Gemeinsames Kolloquium des
Fachbereichs Physik und des SFB 1083
Wintersemester 2023/24

mittwochs 15:30 Uhr  
Renthof 5, Großer Hörsaal

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  • 08.11.2023  Per Delsing, Chalmers University of Technology

    Superconducting Circuits, from Artificial Atoms to Quantum Computers


    In this talk I will describe how superconducting circuits can be used both as superconducting qubits and as artificial atoms.
    The first part of the talk describes the quantum technology center in Sweden, our effort to make high quality qubits and how they are integrated to make a quantum processor. The second part of the talk describes how superconducting qubits can be used as artificial atom and how exotic regimes can be reached to study interesting physics. In particular I will discuss how they can be used to generate nonclassical states of microwaves, and how the can be engineered to couple to sound rather than to light.

  • 15.11.2023    Carsten Weber, Carl Zeiss AG

    Hunting the Picometer - Most Accurate Mirrors of the World

    The demand for smaller and more energy-efficient microchips is key for numerous technological advancements, from fast communication to autonomous driving.  To support this thirst for chips and to continue Moore's law, the ground-breaking developments of ZEISS optics play a key role. In this talk, an overview over the different  generations of lithography optics of ZEISS is given. Applications and current developments are discussed. Insights into the challenges in production and  operation of optics for extreme ultraviolet (EUV) radiation are presented.

  • 22.11.2023    Annette Köhler, Universität Bayreuth

    Organic Electronic Materials for Today and Tomorrow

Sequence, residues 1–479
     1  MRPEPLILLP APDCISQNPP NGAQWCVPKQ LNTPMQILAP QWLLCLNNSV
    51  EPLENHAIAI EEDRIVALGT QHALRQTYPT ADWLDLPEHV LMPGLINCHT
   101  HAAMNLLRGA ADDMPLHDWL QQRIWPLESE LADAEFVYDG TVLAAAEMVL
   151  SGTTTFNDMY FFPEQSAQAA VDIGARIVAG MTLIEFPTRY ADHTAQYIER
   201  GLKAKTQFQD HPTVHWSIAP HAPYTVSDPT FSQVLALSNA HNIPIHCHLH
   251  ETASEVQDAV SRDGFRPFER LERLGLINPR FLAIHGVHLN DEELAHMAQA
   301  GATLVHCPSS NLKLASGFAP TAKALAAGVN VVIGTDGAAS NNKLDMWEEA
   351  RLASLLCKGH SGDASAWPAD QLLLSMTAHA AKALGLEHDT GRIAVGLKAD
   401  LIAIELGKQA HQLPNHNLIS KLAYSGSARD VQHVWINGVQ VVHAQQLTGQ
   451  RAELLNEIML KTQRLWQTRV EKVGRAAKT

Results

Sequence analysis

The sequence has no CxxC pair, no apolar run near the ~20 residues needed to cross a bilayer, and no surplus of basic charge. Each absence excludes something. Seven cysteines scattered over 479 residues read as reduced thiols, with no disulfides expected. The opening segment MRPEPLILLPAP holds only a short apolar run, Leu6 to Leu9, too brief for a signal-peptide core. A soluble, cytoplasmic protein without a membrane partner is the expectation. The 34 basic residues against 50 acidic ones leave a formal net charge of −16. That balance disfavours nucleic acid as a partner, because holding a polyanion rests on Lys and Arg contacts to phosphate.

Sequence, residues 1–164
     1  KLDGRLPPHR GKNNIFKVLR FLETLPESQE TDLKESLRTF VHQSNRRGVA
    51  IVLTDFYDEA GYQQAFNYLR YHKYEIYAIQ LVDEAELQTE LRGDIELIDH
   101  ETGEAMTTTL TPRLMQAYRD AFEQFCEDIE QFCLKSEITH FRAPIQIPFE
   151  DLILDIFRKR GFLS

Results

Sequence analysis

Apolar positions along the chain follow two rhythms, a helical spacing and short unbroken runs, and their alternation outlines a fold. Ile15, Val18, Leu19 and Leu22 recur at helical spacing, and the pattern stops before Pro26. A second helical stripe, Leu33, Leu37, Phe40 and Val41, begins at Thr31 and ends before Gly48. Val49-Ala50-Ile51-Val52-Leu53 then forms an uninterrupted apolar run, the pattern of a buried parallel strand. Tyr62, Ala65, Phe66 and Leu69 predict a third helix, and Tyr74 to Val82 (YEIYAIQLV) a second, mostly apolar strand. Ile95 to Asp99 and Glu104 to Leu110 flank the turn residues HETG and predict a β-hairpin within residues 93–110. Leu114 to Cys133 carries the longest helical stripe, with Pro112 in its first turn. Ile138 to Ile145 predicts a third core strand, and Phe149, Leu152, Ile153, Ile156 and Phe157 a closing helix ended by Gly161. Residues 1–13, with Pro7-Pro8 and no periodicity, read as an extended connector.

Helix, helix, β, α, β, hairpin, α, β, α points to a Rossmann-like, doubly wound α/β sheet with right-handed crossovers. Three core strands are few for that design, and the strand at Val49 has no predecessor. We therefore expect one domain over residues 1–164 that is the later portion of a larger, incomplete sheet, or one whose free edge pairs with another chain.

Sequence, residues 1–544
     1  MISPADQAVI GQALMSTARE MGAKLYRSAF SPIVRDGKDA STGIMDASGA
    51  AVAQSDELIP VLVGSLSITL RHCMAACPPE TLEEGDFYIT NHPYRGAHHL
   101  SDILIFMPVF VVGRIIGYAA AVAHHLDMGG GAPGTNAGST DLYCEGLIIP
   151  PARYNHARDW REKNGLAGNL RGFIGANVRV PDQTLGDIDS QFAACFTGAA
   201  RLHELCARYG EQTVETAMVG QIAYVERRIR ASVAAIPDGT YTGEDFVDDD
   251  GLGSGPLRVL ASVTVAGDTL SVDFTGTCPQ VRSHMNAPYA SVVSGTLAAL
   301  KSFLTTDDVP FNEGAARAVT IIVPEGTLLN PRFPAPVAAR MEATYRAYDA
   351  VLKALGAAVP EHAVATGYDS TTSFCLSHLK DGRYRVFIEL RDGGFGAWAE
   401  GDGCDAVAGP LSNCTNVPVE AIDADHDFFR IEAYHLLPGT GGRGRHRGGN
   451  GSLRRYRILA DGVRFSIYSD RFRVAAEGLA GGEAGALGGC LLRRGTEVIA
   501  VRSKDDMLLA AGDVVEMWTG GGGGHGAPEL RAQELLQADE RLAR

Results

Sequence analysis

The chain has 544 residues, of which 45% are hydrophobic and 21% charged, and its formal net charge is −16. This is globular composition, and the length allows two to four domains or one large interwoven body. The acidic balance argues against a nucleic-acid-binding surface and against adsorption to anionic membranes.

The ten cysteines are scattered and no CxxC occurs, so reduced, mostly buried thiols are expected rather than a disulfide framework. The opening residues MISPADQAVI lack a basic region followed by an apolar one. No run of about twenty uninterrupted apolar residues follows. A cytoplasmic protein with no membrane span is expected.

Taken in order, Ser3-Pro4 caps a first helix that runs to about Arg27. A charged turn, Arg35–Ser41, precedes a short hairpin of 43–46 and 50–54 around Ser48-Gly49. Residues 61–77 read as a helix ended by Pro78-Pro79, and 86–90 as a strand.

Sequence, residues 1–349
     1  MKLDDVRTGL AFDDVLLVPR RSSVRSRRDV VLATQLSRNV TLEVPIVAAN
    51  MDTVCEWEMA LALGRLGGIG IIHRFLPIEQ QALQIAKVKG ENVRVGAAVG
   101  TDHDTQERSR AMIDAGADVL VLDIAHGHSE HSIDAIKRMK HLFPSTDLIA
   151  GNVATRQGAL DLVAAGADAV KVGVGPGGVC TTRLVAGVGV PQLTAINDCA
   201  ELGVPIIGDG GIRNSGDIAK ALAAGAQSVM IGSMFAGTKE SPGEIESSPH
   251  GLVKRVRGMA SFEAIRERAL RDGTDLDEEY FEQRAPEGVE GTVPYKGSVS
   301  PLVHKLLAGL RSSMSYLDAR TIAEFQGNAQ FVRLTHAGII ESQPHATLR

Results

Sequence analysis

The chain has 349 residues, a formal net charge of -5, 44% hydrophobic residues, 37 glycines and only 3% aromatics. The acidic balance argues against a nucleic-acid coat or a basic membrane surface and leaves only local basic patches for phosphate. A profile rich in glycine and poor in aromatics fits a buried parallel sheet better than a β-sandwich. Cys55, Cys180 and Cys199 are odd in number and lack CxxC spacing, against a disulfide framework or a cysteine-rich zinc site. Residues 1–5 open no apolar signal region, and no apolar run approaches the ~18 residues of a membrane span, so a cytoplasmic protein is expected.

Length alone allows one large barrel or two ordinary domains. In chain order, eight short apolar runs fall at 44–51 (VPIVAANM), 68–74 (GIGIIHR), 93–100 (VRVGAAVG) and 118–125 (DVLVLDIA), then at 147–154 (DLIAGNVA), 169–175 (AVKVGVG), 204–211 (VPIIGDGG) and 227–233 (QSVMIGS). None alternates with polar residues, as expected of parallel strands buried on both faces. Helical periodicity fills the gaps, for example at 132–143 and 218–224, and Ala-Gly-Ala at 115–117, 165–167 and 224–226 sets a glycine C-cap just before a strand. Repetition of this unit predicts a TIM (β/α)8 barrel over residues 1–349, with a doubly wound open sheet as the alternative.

Organic semiconductors are well established in present-day applications such as mobile phone or TV displays or photocopiers. Interest into their photophysics is currently  rekindled by solar cell efficiencies exceeding 19% as well as by emerging applications in the area of bioelectronics. In this talk I want to highlight what makes these materials so special and why their photophysics differs from that of conventional inorganic semiconductors.

  • 13.12.2023    Stefan Mathias, Universität Göttingen

    Excitonics at the Space-Time Limit

    In 2D semiconducting quantum materials, organic semiconductors and their heterostructures, the energy of absorbed light is stored in Coulomb-bound electron-hole pairs, which are called excitons. For future technological applications of these classes of materials, for instance in optoelectronics and for energy harvesting, it is crucial to study the initial exciton formation and also the subsequent relaxation and dissipation processes at the fundamental level and on the relevant length and time scales.
    In our research, we have built a new photoemission-based experiment [1] that is capable of studying excitonics at the space-time limit corresponding to nanometers and femtoseconds. In a series of experiments, we identified characteristic signatures in the exciton formation process and the pathways of subsequent energy conversion and thermalization. In addition, the new experiment gives us access to the so-called “dark exciton landscape”, where we can follow exciton dynamics with unprecedented temporal and spatial resolution.
    In my talk, I will present the ultrafast formation dynamics of dark interlayer excitons in twisted WSe2/MoS2 heterostructures. In particular, I will report on the identification of a key signature of the moiré superlattice that is imprinted on the momentum-resolved interlayer exciton photoemission signal [2]. Furthermore, I will present photoemission exciton tomography [3] that allows us to disentangle multiorbital contributions in the exciton formation of the organic semiconductor buckminsterfullerene C_60.

    [1] Keunecke et al., Rev. Sci. Ins. 91, 063905 (2020).
    [2] Schmitt et al., Nature 608, 499 (2022).
    [3] Bennecke et al., arXiv:2305.18908 (2023).

  • 17.01.2024    Paul Erhart, Chalmers University of Technology

    From Atomic Scale Modeling via Machine Learning to Experiments

  • 31.01.2024   Alexander Föhlisch, Universität Potsdam und Helmholtz Zentrum Potsdam

      Synchrotron Radiation as a Modern Tool in Materials Science

  • 14.02.2024    Bernadette Kunert, IMEC Leuven

    Towards 6G Communication Networks